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Afghan peacemakers return home satisfied

Afghan peacemakers return home satisfied
By Hasan Khan
For CentralAsiaOnline.com
2011-01-10

 

Pakistani Minister of State of Foreign Affairs Nawabzada Malik Amad Khan (right) shakes hands with former Afghan President and High Peace Council chief Burhanuddin Rabbani (centre) before their meeting in Islamabad January 5. Members of the peace council are returning home satisfied. [REUTERS/Faisal Mahmood]

ISLAMABAD -- Members of the Afghan High Peace Council returned to Kabul January 8 expressing satisfaction and a sense of achievement from their trip to Pakistan.

Burhanuddin Rabbani, the chairman of the council and former Afghan president, expressed his colleagues’ perception that Pakistan was genuinely interested in solving the lingering Afghan conflict.

“I saw a great urge for peace at every level in Pakistan,” Rabbani told Central Asia Online.

He wants to bring his children to see a different Pakistan, Rabbani said.

“Pakistan is a changed country,” said Rabbani, adding that he and the rest of the delegation have had many interactions with the Pakistani Army’s senior leadership.

“I am fully confident the Pakistani military and civilian leadership seriously wants peace in the region,” Rabbani said.

Peace is in the interest of both Pakistan and Afghanistan, Qazi Amin Waqad, a former jihadi commander and another council member, said, pointing to their shared border, language, religion and culture.

Delegation convinced Pakistan will be peace partner

The delegation came away convinced of Pakistan's sincere desire to help solve Afghanistan’s entanglement, he said.

“We tell them ... if you take a step ... we will be with you,” Khyber Pakhtunkhwa Governor Owais Ghani saidAll Afghans are brothers and the Taliban have a right to pursue their political agenda, but Taliban excesses have resulted in ongoing war.

The ball is rolling now, Arsala Rehmani, a former Taliban leader and member of the council, said.

“Pakistan …can play a good role in the process of reconciliation” because its leaders can influence the Taliban, Rehmani told Central Asia Online.

The reconciliation process started by Afghan President Hamid Karzai, will definitely succeed if Pakistan supports it, he predicted.

Former Kabul Governor Haji Din Muhammad also called his visit to Islamabad “a different one” from earlier visits.

“I hope if (the commitment) materialises, there will be peace in the region very soon,” Din Muhammad told Central Asia Online.

“We went to see religious scholars and leadership of different political parties, parliamentarians, and government and high military officials,” Mulvi Qiyam-ud-Din Kashaf, spokesman of the peace council, said.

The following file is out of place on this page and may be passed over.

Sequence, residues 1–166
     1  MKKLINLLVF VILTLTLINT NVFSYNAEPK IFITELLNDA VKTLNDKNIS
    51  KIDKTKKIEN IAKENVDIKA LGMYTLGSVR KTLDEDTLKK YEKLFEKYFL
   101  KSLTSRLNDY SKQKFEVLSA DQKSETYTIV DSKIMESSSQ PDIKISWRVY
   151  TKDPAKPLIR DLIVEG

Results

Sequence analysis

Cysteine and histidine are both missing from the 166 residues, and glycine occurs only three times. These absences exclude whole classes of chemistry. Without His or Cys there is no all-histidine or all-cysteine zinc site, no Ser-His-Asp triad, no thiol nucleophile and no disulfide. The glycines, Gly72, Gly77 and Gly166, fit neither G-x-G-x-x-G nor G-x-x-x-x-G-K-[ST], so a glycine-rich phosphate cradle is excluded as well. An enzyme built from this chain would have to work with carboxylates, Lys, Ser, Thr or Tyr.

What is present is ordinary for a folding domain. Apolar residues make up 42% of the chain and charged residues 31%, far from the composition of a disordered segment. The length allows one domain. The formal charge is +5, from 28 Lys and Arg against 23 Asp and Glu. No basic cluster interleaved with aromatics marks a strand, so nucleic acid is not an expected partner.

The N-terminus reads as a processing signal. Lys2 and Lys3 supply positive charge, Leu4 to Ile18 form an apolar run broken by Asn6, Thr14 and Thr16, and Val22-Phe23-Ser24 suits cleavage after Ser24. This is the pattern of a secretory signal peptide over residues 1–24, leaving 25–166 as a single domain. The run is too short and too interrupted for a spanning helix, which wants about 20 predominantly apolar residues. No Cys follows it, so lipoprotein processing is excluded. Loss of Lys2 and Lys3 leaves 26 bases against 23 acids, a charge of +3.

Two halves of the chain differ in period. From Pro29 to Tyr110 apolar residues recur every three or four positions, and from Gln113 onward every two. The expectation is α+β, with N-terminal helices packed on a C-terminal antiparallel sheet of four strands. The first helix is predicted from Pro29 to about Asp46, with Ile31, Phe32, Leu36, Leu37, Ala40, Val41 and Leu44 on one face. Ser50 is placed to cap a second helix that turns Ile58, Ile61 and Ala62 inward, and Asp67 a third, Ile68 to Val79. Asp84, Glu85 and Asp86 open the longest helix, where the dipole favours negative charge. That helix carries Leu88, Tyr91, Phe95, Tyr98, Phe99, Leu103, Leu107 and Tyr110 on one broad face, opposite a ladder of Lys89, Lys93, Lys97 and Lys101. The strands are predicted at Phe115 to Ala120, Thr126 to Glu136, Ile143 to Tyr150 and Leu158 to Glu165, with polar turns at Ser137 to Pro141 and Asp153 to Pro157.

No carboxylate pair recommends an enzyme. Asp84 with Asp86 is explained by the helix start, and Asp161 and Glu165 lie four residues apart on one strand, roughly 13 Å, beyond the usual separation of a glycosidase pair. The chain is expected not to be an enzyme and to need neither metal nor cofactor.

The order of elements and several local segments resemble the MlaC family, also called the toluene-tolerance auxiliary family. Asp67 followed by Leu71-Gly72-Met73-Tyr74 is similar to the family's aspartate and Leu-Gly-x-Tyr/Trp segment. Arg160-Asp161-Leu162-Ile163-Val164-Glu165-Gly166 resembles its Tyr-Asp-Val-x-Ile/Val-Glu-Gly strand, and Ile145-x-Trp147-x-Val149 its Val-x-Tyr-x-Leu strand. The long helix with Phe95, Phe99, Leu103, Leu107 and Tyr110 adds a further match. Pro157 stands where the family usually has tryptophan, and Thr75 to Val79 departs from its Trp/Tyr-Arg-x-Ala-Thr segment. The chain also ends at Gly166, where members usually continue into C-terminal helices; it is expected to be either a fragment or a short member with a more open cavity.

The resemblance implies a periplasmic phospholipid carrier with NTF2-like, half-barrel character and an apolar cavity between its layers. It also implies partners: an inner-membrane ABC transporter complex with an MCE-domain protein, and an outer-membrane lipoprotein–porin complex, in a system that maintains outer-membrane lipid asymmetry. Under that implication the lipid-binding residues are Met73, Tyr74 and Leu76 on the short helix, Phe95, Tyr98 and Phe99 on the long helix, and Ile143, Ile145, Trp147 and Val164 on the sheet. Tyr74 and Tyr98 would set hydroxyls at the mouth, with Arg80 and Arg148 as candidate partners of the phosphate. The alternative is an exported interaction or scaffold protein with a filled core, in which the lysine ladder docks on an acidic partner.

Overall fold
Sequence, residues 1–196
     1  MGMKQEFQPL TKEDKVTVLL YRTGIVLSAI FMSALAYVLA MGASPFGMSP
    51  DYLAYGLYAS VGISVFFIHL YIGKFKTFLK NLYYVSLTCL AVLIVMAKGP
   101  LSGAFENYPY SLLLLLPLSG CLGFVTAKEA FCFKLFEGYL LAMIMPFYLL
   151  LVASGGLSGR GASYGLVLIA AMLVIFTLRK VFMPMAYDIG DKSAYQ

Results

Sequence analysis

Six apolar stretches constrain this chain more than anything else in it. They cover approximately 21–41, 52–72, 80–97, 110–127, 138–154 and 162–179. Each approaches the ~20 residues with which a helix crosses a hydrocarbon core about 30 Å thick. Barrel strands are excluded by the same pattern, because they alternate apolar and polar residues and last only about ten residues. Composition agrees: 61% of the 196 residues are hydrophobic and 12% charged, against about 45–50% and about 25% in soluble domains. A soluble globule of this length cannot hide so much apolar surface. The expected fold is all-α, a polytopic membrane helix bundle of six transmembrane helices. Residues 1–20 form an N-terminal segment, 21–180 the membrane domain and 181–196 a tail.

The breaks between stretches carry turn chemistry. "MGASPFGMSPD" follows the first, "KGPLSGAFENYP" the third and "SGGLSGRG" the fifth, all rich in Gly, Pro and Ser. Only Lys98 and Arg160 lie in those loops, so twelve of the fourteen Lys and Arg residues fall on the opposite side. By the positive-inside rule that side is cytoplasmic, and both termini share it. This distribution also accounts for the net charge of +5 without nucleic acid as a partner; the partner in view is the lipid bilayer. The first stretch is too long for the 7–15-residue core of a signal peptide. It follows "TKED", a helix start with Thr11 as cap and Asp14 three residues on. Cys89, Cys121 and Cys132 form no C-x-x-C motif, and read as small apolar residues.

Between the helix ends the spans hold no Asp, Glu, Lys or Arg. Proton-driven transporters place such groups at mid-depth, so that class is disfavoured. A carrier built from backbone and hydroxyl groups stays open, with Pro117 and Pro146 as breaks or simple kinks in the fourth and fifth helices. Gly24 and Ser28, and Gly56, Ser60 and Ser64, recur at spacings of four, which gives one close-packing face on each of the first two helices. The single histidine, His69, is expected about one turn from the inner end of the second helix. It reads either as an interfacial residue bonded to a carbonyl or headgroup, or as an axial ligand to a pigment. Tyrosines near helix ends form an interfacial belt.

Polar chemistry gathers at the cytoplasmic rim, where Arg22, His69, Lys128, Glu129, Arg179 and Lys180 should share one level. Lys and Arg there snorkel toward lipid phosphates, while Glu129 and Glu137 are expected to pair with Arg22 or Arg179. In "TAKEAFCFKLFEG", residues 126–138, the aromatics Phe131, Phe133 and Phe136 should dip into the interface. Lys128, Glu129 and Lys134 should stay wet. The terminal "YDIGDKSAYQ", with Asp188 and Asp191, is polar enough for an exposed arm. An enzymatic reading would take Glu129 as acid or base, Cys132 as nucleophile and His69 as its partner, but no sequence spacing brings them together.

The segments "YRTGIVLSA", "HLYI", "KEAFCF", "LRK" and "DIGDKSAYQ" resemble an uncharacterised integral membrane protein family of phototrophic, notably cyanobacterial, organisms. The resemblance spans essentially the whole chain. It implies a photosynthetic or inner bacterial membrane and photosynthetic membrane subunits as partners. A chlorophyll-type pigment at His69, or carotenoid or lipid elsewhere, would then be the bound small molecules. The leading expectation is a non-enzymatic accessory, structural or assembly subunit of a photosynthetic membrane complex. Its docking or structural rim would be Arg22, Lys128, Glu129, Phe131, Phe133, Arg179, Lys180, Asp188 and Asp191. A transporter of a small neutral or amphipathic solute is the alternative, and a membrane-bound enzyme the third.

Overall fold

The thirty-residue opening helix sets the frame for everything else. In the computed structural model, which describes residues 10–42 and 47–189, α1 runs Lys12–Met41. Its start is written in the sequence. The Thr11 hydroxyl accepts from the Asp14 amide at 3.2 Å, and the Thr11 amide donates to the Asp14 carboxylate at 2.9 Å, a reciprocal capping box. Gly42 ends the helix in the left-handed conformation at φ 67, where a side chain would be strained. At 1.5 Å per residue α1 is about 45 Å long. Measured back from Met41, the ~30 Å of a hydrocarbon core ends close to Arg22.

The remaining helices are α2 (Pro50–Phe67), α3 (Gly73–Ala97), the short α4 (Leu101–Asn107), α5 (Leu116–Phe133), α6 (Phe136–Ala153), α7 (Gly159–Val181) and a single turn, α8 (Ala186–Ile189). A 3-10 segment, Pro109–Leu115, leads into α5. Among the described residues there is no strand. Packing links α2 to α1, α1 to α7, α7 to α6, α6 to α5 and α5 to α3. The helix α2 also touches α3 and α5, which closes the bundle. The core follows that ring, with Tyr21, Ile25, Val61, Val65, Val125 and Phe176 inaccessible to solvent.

“We ... want an honourable way for the Taliban to return home and participate in rebuilding,” said Kashaf.

The Pakistani leadership was equally committed to peace, Mohammad Jora, Turkmen representative on the council, said.

“There is no reason not to believe in their commitment. ... Pakistan hosted millions of (Afghans) when they became refugees,” Jora said.

Peace talks cleared up misunderstandings

Meetings with Pakistani leaders did much to clear up misunderstandings, Asadullah Wafa, deputy chairman of the council, said.

“Pakistan …can play a good role in the process of reconciliation” because its leaders can influence the Taliban, Rehmani told Central Asia Online.“We feel everybody in Pakistan genuinely desires to resolve the Afghan issue. ... They think Pakistan suffered socially and economically from the Afghan conflict,” Wafa said.

Both countries now show more understanding of the conflict, Ataullah Lodin, another council deputy chairman, said.

Peace is in everybody’s interest, Khyber Pakhtunkhwa Governor Owais Ghani said.

“Enough of wars; ... now our children want to live in peace,” Ghani told Central Asia Online.

“We tell them ... if you take a step ... we will be with you,” Khyber Pakhtunkhwa Governor Owais Ghani said“We tell them ... if you take a step ... we will be with you,” he said, quoting Pakistani assurances to the council.

r, senior journalist Ahmed Rashid, an observer of Afghanistan, advised restraint before attaching any expectations to the council.

“Let’s wait (to see) what the council members say when they reach Kabul,” Rashid told Central Asia Online.

However, Pakistani Ambassador to Kabul Sadiq Khan called the visit highly important.

“It (the visit) manifested Afghanistan is giving high importance to Pakistan ... and Kabul understands and gives weight to Pakistan’s support in the process of reconciliation,” Sadiq told Central Asia Online.

The big achievement of the visit is the understanding between Pakistan and Afghanistan on forming a bilateral mechanism to negotiate with the Taliban, said Sadiq, reputed to be the architect of Pakistan’s new Afghan policy.

http://www.centralasiaonline.com/cocoon/caii/xhtml/en_GB/pakistan-features/caii/features/pakistan/main/2011/01/10/feature-01

 
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